Author Topic: Northern Electric Payphone/ID & Lock Advice  (Read 332 times)

Offline EveryMann

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Northern Electric Payphone/ID & Lock Advice
« on: December 02, 2017, 05:00:52 PM »
Hello:

First-time poster; greetings! I have owned this Northern Electric payphone for @30 years. Other than the fact that the modern FIOS™ wiring precludes the phone from dialing out these days, it works just as perfectly as it did the day I bought it at a junk shop out west in the late 1980s. Two questions...

1) Is there any way to determine the general age of this phone? Curiously, I find precious little info on the web regarding manufacturing dates.

2) I have misplaced the vault door key. There is a possibility--I'm embarrassed to admit--that it was placed into the coin return box for "safe keeping" when I moved cross-country from California years ago. There are some family trinkets stored inside there, and there is no cash box. I cannot recall for sure if in fact I put the vault key (lock number is NE 22, I believe) inside of the coin return box before I moved, but if I did, is there anyplace else other that the coin return chute where the key could have fallen into? It seems that conventional wisdom is to drill the screws out from the back of the phone, but somehow I'm apprehensive about messing it up. Has anyone seen or heard of a proficient locksmith successfully picking one of these locks? I did send photos to a few of the locksmiths in the area, but thus far I have gotten no response. The most relevant info I could find via google was a blog entry by a college professor extolling the virtues of Western Electric's simple-yet-durable 30C lock. I sent him an email asking if the WE 30C is similar to my Northern Electric #22 lock and if he had any guess as to the pick-ability; he replied that while he isn't overly-familiar with the NE-22 he highly doubts that it can be picked.

Wondering if anyone has first-hand experience with the NE-22 lock being picked, and if not, any alternative suggestions for opening the vault door would be great.

Thank you in advance.

Offline Stan S

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Re: Northern Electric Payphone/ID & Lock Advice
« Reply #1 on: December 02, 2017, 05:17:18 PM »
Hello
Your payphone appears to be an NE233.
Once you get the payphone open there will be dates stamped on some of the parts.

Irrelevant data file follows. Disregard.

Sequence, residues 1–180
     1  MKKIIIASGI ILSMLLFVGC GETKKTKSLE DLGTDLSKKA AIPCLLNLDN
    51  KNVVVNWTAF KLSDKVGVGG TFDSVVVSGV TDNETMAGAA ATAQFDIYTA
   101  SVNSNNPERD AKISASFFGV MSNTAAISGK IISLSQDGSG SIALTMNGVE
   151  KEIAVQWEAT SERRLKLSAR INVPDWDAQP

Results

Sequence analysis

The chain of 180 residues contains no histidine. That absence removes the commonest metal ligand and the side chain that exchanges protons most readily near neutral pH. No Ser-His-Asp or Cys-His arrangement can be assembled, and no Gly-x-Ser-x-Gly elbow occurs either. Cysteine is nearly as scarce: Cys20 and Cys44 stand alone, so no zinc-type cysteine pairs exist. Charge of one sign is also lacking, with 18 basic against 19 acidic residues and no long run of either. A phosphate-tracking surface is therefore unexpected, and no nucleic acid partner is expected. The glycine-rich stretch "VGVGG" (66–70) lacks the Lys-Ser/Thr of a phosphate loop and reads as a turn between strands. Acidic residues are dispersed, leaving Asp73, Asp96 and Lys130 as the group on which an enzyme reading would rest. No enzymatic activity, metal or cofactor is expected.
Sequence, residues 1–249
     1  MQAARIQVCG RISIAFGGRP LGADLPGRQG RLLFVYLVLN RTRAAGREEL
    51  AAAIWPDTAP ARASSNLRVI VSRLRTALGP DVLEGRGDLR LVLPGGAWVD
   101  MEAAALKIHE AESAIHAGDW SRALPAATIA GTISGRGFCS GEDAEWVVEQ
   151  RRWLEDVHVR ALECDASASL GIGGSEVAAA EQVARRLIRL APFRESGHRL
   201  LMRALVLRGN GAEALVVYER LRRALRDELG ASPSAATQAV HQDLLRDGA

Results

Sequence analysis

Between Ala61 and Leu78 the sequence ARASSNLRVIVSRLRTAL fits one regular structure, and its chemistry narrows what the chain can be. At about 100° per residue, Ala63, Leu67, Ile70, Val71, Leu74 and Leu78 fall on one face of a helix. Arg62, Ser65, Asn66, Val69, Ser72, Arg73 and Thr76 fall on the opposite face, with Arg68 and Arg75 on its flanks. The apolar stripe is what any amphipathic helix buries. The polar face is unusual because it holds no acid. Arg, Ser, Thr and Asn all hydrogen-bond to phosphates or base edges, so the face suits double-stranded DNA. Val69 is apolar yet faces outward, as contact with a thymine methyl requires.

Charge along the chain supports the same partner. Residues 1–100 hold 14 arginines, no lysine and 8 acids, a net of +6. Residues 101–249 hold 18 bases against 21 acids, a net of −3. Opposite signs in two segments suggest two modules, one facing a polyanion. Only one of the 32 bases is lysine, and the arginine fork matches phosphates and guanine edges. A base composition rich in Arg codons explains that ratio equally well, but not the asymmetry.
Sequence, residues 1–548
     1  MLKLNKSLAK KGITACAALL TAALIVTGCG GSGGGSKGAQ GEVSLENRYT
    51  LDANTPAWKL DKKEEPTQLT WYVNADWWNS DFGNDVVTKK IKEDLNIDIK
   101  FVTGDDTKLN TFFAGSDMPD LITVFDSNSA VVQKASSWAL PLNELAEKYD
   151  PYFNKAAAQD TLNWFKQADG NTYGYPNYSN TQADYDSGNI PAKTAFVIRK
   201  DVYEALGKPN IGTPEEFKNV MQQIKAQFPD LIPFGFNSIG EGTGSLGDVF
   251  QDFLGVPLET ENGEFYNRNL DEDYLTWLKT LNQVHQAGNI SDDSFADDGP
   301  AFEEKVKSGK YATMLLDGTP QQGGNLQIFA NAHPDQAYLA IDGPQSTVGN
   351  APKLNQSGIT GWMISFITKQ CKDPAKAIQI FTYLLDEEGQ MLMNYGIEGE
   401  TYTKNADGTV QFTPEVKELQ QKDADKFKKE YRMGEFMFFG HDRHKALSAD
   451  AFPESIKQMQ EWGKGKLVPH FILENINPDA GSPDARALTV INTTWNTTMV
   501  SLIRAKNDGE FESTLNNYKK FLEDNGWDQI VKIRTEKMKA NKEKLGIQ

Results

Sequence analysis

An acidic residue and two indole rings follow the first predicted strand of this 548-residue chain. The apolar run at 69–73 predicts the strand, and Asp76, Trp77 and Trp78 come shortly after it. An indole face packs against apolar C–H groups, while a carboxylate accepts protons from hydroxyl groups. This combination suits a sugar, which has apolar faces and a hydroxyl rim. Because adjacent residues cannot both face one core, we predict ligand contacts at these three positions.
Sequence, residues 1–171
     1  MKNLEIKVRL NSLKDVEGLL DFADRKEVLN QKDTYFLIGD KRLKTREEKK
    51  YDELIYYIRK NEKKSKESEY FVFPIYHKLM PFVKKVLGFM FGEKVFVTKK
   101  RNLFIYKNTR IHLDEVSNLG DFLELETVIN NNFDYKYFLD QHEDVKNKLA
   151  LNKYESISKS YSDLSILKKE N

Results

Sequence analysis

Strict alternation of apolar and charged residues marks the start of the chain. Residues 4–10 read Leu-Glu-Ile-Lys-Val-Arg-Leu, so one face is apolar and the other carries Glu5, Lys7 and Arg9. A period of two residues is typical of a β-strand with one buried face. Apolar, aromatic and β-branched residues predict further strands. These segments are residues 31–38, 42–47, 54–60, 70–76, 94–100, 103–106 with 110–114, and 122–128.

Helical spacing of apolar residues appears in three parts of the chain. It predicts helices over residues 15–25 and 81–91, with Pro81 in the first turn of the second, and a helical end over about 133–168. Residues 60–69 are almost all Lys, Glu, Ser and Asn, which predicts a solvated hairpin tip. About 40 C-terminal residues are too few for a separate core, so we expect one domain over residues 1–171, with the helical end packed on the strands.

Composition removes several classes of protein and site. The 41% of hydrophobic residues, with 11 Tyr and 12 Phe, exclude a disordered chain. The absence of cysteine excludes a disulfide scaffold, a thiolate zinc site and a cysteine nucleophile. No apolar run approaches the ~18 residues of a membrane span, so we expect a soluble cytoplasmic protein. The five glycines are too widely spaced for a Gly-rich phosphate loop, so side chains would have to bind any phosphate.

That phone is easy to open without having a key.
1- Lay the payphone face down
2- There are a total of 7 screws that hold the back of the phone to the bottom. Four have large heads 3 have smaller heads. Take out all the screws
3- A this point the payphone should separate into 3 parts, The top, bottom and back. The bottom and back will have wires connecting them together so be careful.
See attached photo.
Stan S.

Offline rdelius

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Re: Northern Electric Payphone/ID & Lock Advice
« Reply #2 on: December 02, 2017, 05:21:20 PM »
A 21 b key will unlock the upper housing. you can remove the upper housing if you pry up with a large screwdriver where the upper housing mates with the lower housing below the lock.You can also remmove the coin vault by removing the screws around the vault and drilling the backwards one.you can use a long thin screwdriver and remove the vault door lock through the holes in the back.All the sets like yours have dated parts inside and yours is mist likely 60s to early 70s

Offline EveryMann

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Re: Northern Electric Payphone/ID & Lock Advice
« Reply #3 on: December 02, 2017, 06:39:36 PM »
Hi Rdelius:

The "easy" key--the #21b key that is simple to replace--I did manage to successfully keep track of. I can get the upper housing open with no problem. As soon as my drill is recharged, I will pull the phone off the wall and see if the screw heads are in fact accessible from the back.

Offline EveryMann

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Re: Northern Electric Payphone/ID & Lock Advice
« Reply #4 on: December 02, 2017, 10:00:34 PM »
I was hoping to get to it tonight, but at this point I will be pulling the phone in the morning and seeing if the screws are all accessible from the back. Looking on the popular auction site, it does appear that the Northern Electric payphones in fact have the screws for the lower box accessible from the back/outside and not from the inside. Keeping my fingers crossed.